Author Archives: Jackie Roberts

Clean Energy is Good Business for Iowa All Around

Jackie Roberts PhotoWhat do you do when a major new customer arrives in town asking for renewable energy?   You supply it.  Facebook’s decision to locate a new data center in Iowa and supply that data center with 100% wind energy is a great example of a company using its clout for good.  To show its seriousness of intent, Facebook simultaneously pursued development rights to two wind parcels, one in Iowa and Nebraska, alongside its traditional site evaluation for a new data center.  Iowa won the new data center, in no small part due to its leadership in the wind sector.

According to Vincent Van Son, Facebook’s Data Center Energy Manager, “When we settled on Altoona as the location for our fourth data center, one of the deciding factors was the opportunity to help develop a new wind project in the state. The project brings additional investment and jobs to the region, and in effect it makes it possible, on an annualized basis, for 100% of our energy needs to be met entirely with one of Iowa’s most abundant renewable resources.” Facebook worked with a local developer, RPM Access, and then at a key point, transferred ownership to a major utility, Mid-American.  This project enabled Facebook to announce last week that the new data center will be supplied by 100% renewable energy.

As we profiled last year with Collaborative Economics, Iowa views the wind sector as a powerful economic development driver.  As a result, it has emerged as an epicenter of wind in all facets – installations, innovation and manufacturing strength.  Iowa’s multi-pronged clean energy strategy continues to deliver economic wins in 2013.  Read More »

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Is The Glass Half Full Or Half Empty For Solar Power?

Jackie RobertsGE and First Solar announced earlier this week an important step towards consolidation of the solar industry that will result in the loss of a new solar manufacturing facility  in Colorado and, potentially 350 jobs.  Clearly the announcement is frustrating for Colorado, a state we featured in EDF’s Clean Energy Economic Development Series, which highlights key road maps for maximizing economic development from clean energy markets.

But, the announcement includes lots of good news – which is probably more significant for the U.S.’s long-term solar power play as well as overall economic opportunity and job creation.  In 2009, GE purchased PrimeStar Solar, a company first seeded at the Department of Energy’s National Renewable Energy Labs (NREL), located in Colorado.  PrimeStar Solar (renamed Arvada research center) made significant advances in the efficiency of cadmium-telluride (CdTe) thin film solar panels.  This lowered the cost of thin film solar panels overall and made them more competitive with traditional solar panels.

CdTe thin film solar panels require less material than alternative technologies – which lowers their cost – but their efficiency continues to lag behind traditional, silicon-based solar panels.  The deal gives GE a large stock position in First Solar in exchange for giving First Solar the new CdTe thin film solar technology – essentially creating a key strategic partnership between the two companies.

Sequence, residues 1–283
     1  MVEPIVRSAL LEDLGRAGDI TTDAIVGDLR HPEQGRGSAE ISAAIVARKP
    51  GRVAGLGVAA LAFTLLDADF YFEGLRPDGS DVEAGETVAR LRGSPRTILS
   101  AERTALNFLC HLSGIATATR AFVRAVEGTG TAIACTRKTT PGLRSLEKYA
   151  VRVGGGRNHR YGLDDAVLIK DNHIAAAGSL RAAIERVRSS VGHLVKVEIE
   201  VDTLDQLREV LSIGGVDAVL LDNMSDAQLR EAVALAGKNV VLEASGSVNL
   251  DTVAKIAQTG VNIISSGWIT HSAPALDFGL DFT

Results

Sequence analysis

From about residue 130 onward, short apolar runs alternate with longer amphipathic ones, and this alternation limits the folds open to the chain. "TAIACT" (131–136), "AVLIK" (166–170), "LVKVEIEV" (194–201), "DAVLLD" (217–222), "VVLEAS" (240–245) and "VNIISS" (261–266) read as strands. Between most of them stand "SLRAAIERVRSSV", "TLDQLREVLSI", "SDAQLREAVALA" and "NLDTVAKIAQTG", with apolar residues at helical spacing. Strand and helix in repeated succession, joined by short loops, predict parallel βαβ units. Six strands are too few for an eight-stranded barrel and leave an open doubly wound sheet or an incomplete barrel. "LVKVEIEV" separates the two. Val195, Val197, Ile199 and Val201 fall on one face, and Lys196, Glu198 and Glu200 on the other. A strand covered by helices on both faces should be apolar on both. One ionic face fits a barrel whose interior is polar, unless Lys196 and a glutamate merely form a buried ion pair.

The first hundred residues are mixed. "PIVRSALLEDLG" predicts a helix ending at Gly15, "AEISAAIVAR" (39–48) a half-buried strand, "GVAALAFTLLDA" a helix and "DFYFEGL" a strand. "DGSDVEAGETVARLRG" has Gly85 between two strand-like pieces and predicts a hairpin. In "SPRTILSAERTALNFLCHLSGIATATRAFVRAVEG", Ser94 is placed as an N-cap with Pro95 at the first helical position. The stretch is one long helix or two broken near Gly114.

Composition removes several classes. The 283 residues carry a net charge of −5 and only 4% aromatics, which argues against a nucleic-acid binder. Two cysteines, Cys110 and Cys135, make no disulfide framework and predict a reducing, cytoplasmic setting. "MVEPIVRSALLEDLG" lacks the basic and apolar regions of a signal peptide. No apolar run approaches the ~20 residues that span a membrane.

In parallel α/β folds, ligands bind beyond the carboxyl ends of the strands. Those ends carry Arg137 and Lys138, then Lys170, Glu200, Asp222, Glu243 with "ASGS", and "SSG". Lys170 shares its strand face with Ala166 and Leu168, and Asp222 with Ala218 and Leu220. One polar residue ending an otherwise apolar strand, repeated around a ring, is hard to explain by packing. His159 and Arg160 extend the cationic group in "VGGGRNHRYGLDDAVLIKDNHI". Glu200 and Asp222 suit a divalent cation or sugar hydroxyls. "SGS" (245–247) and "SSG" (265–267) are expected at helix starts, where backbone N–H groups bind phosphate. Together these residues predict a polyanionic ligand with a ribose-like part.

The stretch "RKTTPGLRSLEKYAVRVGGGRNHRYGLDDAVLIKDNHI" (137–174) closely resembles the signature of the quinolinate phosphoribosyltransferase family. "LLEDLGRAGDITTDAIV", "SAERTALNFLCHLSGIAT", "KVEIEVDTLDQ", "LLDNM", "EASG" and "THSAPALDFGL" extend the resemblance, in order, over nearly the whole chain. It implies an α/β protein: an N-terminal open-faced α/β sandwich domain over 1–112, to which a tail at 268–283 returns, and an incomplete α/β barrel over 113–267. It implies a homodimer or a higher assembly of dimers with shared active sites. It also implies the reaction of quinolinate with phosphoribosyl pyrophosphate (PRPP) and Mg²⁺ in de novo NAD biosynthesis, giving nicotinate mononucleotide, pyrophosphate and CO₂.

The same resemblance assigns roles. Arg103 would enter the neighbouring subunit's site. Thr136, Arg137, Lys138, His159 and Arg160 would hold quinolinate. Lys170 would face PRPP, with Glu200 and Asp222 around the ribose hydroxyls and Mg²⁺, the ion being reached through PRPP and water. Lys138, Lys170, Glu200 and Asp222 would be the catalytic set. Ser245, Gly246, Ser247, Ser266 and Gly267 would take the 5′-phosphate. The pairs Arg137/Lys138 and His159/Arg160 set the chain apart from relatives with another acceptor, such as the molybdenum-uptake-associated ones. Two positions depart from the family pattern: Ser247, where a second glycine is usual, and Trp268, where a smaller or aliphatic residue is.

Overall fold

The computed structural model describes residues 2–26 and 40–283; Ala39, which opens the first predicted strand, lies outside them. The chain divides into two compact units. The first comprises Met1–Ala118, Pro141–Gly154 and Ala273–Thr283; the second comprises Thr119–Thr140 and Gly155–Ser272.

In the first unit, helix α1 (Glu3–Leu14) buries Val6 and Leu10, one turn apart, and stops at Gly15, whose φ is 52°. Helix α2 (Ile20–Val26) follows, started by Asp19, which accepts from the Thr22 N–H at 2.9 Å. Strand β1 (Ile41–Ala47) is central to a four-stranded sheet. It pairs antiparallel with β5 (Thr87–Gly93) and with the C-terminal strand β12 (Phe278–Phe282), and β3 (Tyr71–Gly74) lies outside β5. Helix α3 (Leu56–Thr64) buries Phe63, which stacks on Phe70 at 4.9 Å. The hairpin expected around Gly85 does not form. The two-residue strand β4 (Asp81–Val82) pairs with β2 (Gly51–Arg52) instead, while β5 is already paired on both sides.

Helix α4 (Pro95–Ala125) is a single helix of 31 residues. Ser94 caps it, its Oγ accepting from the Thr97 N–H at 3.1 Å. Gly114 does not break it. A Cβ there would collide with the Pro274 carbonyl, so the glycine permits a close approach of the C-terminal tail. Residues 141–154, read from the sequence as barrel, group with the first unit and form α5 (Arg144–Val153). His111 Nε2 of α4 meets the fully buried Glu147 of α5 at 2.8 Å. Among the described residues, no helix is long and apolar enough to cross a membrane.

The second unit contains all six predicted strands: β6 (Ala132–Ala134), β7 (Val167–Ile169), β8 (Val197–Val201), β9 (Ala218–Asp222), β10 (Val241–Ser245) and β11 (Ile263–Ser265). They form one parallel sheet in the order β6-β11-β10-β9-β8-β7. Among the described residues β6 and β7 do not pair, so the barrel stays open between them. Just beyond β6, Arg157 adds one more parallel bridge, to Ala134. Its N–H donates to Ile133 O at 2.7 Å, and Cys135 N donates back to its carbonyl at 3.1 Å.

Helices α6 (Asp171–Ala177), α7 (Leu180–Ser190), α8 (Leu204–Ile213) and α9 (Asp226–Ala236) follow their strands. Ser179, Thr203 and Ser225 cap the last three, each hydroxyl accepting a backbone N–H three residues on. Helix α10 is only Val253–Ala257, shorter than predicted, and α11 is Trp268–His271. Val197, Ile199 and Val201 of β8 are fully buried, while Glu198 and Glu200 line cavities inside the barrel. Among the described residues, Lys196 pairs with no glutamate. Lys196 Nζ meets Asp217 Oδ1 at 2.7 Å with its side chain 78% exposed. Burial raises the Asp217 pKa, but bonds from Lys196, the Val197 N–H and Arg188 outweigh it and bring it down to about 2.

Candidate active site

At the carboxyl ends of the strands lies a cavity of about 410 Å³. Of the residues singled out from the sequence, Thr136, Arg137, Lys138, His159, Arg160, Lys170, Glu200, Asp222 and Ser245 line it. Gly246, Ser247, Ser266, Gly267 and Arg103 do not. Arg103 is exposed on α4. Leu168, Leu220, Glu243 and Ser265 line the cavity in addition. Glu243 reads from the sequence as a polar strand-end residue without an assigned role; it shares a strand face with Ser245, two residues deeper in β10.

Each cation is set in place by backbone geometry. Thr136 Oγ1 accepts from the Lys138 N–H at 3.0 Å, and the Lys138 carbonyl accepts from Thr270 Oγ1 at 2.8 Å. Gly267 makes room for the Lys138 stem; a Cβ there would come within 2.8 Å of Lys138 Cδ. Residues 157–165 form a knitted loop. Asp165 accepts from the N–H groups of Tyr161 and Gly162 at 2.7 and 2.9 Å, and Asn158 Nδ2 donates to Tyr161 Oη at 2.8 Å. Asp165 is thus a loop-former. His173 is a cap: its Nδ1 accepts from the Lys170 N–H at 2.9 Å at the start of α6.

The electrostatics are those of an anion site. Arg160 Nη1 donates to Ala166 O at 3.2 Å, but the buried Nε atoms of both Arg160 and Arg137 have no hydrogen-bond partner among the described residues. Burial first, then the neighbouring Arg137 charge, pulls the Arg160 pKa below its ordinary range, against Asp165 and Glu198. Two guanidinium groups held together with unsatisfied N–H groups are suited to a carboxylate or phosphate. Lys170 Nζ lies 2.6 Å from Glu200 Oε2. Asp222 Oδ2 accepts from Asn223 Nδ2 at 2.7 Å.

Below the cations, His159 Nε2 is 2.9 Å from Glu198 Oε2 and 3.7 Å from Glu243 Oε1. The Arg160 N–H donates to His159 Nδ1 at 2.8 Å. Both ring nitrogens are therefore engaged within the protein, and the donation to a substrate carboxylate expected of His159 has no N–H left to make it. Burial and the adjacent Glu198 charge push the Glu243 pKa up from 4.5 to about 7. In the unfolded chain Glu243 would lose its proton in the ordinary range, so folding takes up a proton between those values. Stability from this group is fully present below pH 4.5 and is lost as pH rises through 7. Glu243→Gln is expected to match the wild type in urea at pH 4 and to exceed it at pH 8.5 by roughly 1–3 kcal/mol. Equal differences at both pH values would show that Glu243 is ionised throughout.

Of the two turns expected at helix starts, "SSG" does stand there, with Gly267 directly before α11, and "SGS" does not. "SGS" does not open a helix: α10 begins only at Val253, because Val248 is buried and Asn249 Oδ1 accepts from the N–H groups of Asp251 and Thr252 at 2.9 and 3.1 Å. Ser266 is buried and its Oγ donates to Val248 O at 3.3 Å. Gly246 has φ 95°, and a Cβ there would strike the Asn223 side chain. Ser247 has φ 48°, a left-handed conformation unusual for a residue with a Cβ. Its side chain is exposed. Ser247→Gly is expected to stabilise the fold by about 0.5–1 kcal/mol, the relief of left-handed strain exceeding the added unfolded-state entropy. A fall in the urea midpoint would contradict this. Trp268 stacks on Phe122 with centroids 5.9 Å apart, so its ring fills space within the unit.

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Colorado: A Case Study In Clean Tech Planning And Execution

In a recent posts, we revisited the recent trio of reports of the clean energy clusters in Ohio, Iowa and Colorado and shared some insights on lessons learned from Iowa and Ohio.  In this post, we'll take a look at Colorado.

Colorado is the 12th windiest state in the U.S. and is currently 9th in installed wind capacity. It's one of only six states that have exceeded 10% of state generated electricity coming from wind.  For more than a decade, Colorado has been atop most lists for states vying for leadership in the clean energy economy.  It has research labs, a proactive state government, universities and active economic development efforts.  All of these have combined to help Colorado excel in the new energy landscape.

Consider that Golden, CO is home to the National Renewable Energy Laboratory (NREL), the only federal lab dedicated to research, development, commercialization and deployment of renewable energy and energy efficiency technology.  For more than 30 years, NREL has been working on advancements in solar, wind, geothermal and other renewable energy sources.  NREL, Colorado universities and private companies have leveraged the hometown lab to establish specialized research centers in several of these areas and contribute more than $700 million in the economic activity of Colorado each year.

The Denver-metro area, where our report focuses, has become a particularly popular place for cleantech startups and more mature companies.  In 2011, the region had about 1,500 companies and 18,000 employees in the cleantech industry, a 35% increase in direct employment growth from 2006. In terms of the entire Colorado workforce, cleantech employees account for 1%.  But that's twice the national average and generates more than a billion dollars in annual wages. Read More »

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30 Years Of Forward-Thinking Leaders Has Spurred Iowa's Clean Tech Growth

People who haven’t been following the renewable energy industry will be forgiven for their reaction when they’re told that Iowa is among the most advanced, opportunistic state in the cleantech economy.  “Iowa?  Isn’t that corn country?”

Well, yes.  But it’s also wind country.  And like few other states, Iowans have turned their constant breeze into a powerful economic force.

This is the last in a trio of posts highlighting the findings from EDF’s reports on the cleantech economies of Ohio, Colorado and Iowa (here is my last post on Ohio).  Today, I’ll focus on Iowa.

Despite its size, Iowa produces the second most wind power in the U.S. (Texas is #1 and California is #3) and is one of only two states that receives over 20% of its electricity from wind power.  More impressive has been the state’s ability to capture the economic — not just the environmental — benefit of that ranking.  According to the American Wind Energy Association, Iowa has attracted more major wind industry manufacturers than any other state.  It’s a great example of supply meeting demand.

Politically, wind power has been supported by both parties for three decades.  It was the first state to pass a Renewable Portfolio Standard, under republican Governor Terry Branstad in 1983.  In 2005, democratic Governor Tom Vilsack signed a tax credit for renewable energy production.  And in 2007 democratic Governor Chet Culver created the Iowa Power Fund to invest in local renewable energy research and development projects.  This level of across-the-aisle cooperation is unique among states and has given Iowa a considerable advantage in competing against larger and richer states. Read More »